Who Gets to Live in San Francisco?
Earlier this week, The Examiner reported that the SFMTA is widening its ban on oversized vehicles in the city, adding 61 new locations to the list of areas where people aren't allowed to park vans and RVs that many use as their homes. “This is just one more tool in SFMTA’s tool box for parking management,” claimed the company's project manager Andy Thornley, who’s heading the pilot-project initiative prohibiting the parking of large vehicles from 12 p.m. to 6 a.m. on certain streets.
Have we as a city really become this cold?
Thornley cites blight and neighbor complaints as reasons for the expanded ban. I am interested in learning more about the hardships our hardworking, properly-housed citizens have been experiencing. What percentage of the tenants and homeowners are really suffering? And I’m curious: are complaints being filed on a per-incident basis with events tied to police reports, or are generalized impressions and assumed attribution to the large vehicles being communicated to district supervisors?
Is it too much to ask for some standards of analysis, in the interest of ethics, in how we deal with those people? In how we seek to govern all aspects of San Francisco to make this an inclusive, wonderful place for everybody? Since y’know, we’re not a gated community.
Yes, the vans and motorhomes and cars packed to the brim with personal belongings are unattractive—but is it a crime for vehicles to be old, ugly, and have crap loaded atop or visibly inside of them?
Avoiding a monoculture also means making room for everyone, from the loud jocks to the homeless sleeping in cars.
“We are not out to evict the homeless but we just want to have the nice neighborhood we deserve,” Eileen Reimonenq, head of the Alemany Clean Committee, told The Examiner.
Well, I want the nice neighborhood I deserve,
too—the one I moved into 10 years ago—and when jocks come to
the karaoke bar in Potrero Hill, I also want them outta here. They blast music
from their BMWs with windows-down, revved engines rattling my windows before
screeching off into the late night. Sometimes I’ll hear a group laughing while
helping one of their own as he or she pukes into the curb, presumably having
had a few too many drinks. In these moments of loathing, I try to reflect on
why I moved back to San Francisco after a three-year
mistake stint in San Jose. I came home to my city
precisely because the monoculture of the South Bay drove me bonkers. Avoiding a
monoculture also means making room for everyone, from the loud jocks to the
homeless sleeping in cars.
“In my mind, this is displacement, it’s not effectively getting to the root of the problem, and the problem is people are living in vehicles, and they’re being criminalized for it,”said Nick Kimura, a volunteer at the Coalition on Homelessness.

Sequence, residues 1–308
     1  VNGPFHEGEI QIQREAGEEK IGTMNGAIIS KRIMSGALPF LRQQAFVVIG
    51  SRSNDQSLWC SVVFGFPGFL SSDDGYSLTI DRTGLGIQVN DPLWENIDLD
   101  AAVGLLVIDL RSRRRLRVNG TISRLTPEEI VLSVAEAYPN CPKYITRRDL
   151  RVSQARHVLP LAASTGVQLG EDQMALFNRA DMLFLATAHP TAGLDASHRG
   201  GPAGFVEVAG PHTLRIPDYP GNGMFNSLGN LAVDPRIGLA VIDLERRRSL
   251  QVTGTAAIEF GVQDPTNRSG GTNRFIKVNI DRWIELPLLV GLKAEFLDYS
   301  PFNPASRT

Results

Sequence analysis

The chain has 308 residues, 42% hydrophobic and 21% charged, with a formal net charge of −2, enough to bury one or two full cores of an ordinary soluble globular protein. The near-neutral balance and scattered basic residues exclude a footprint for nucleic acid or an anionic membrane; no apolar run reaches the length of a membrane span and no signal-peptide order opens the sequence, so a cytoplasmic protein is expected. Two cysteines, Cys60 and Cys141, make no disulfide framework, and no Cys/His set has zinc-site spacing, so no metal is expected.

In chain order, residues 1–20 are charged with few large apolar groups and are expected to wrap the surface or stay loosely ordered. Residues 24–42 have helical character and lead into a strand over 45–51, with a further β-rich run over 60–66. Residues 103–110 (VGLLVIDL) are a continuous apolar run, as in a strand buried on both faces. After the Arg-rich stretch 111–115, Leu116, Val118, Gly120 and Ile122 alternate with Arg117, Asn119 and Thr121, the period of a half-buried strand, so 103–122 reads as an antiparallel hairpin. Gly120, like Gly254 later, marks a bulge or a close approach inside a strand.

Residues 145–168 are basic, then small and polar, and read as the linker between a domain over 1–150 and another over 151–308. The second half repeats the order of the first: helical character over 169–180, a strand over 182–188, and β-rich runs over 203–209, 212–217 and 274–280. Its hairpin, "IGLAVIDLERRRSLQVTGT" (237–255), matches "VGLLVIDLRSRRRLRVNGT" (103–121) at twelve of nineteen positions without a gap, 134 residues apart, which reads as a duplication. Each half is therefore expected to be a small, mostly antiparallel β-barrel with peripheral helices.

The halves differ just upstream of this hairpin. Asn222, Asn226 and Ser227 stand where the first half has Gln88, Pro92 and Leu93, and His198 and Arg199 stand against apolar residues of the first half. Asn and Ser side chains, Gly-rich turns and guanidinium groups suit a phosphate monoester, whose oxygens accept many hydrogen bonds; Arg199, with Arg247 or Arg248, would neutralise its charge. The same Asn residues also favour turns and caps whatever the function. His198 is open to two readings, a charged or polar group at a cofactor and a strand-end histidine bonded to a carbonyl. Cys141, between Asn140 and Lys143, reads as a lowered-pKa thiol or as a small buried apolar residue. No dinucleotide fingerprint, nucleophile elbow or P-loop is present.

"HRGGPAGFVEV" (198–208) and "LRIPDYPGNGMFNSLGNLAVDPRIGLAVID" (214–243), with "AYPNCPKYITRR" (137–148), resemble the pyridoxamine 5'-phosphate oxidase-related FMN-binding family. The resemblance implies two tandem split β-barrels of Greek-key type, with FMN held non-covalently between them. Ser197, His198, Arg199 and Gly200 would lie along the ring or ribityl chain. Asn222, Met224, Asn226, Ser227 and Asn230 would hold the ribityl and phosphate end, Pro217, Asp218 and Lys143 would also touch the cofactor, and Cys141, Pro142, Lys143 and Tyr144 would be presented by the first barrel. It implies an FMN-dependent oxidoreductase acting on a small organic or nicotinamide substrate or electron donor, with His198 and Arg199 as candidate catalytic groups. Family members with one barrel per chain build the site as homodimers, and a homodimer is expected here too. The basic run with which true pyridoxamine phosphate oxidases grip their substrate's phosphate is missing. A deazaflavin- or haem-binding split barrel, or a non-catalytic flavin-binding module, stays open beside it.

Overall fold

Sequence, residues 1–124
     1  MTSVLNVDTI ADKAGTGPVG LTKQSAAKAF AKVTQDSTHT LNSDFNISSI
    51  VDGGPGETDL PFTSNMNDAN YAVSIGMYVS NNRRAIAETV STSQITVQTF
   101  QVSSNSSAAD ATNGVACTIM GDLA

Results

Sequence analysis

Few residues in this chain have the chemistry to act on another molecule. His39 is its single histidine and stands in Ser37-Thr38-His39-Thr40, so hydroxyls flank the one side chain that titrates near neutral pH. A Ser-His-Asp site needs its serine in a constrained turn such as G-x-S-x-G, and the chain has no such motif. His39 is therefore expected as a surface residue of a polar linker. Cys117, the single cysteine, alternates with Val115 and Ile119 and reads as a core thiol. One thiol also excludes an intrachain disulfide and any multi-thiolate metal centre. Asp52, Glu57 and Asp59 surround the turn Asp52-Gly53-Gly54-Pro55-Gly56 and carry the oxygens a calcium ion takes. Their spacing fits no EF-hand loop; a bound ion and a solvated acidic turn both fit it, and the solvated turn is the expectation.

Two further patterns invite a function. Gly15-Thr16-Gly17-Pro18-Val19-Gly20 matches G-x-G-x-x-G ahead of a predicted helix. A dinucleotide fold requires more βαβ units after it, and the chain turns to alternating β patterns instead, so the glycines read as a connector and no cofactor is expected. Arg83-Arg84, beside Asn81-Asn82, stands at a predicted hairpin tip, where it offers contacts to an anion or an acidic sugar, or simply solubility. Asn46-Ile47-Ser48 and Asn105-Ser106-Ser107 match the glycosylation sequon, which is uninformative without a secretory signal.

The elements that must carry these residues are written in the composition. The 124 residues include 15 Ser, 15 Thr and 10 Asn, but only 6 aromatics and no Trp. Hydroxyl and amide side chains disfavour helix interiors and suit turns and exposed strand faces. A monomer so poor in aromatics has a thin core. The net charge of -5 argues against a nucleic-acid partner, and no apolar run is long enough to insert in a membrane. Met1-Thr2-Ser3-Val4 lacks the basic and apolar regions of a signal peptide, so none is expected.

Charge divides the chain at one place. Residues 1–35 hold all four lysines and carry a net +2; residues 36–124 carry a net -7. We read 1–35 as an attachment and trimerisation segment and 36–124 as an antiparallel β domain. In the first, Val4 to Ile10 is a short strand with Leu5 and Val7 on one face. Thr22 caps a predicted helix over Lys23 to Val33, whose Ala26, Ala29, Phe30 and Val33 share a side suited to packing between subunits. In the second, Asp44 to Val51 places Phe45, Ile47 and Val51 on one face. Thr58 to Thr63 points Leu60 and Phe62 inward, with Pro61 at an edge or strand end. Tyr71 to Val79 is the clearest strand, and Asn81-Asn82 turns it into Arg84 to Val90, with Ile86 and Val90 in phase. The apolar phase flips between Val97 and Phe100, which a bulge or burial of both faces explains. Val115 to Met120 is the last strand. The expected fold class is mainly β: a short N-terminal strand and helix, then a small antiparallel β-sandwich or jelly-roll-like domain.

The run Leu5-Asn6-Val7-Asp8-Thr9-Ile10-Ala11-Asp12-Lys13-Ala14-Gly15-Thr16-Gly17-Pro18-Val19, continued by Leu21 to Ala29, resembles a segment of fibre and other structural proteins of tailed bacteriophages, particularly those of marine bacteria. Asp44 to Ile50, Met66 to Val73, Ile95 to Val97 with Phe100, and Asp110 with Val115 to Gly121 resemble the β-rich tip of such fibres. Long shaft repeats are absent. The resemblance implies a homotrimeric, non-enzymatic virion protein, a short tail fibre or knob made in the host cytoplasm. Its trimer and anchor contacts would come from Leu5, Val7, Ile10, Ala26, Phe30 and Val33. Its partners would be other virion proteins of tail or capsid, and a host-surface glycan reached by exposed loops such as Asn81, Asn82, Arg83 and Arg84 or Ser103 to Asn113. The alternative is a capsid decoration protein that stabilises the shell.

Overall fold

Entitlement can be a fickle bedfellow. Context and perspective informed by direct personal experiences, an excellent antidote.
My mom was a retired social worker, an upper-middle class divorcee, and an elder struggling with mis-diagnosed bipolar when she fell homeless.
My mom was a retired social worker, an upper-middle class divorcee, and an elder struggling with mis-diagnosed bipolar when she fell homeless. She kept her situation from my brother and I out of shame. When my dad, by then her ex-husband, finally let me in on what was going on with my mother, I was overcome with shame, horror, and amazement that this brilliant person with a masters degree could have—no, that my mother could have—fallen into such straits. Shame that I wasn’t able to rescue her. But she had. The trauma from the experience continues to haunt her. Even though it left her stronger, it also burned her with a frightened skepticism and un-shakable chronic exhaustion for the next few years.
Since realizing that even my six-figure-salary, problem-solving go-getter self couldn’t rescue my mother from a demise so many of us identify as happening to “other people,” I’ve come to see my homeless neighbors through a very different lens. I make the extra effort to be a more present human on the street when passing them by. Preppies and jocks from the Marina, too. All in all, it’s made my experience living in San Francisco feel much warmer, welcoming, and rooted.
I can trace-back in my own memory of San Francisco politico Frank Jordan’s unsuccessful, Giuliani-style efforts to fix what has become known as “our homeless problem“ (and funny thing, later studies reveal that even Giuliani’s hype wasn’t what fixed NYC). Every mayor since Jordan has also had a failed rescue plan. Utah, Wyoming, Phoenix, and other areas have been experiencing wild success with this crazy “Give those without a home, a home right now, ask questions later” program in recent years, that — go figure — works!
So: circling back to the large-vehicle parking ban. I’m ashamed that my own district Supervisor Malia Cohen appears to be a vocal supporter and driver of this initiative. It’s something I now want to discuss with her.
All known data considered, I’m unable to see this ban as anything more than a prejudiced, misinformed effort to clear subjectively defined riffraff for the benefit of appearances to real-estate investors, and as the least-expensive possible “fix” to crime. Crime that, all data compiled, I don’t think has anything to do with our vehicularly housed homeless neighbors, by any association.
Image from Thinkstock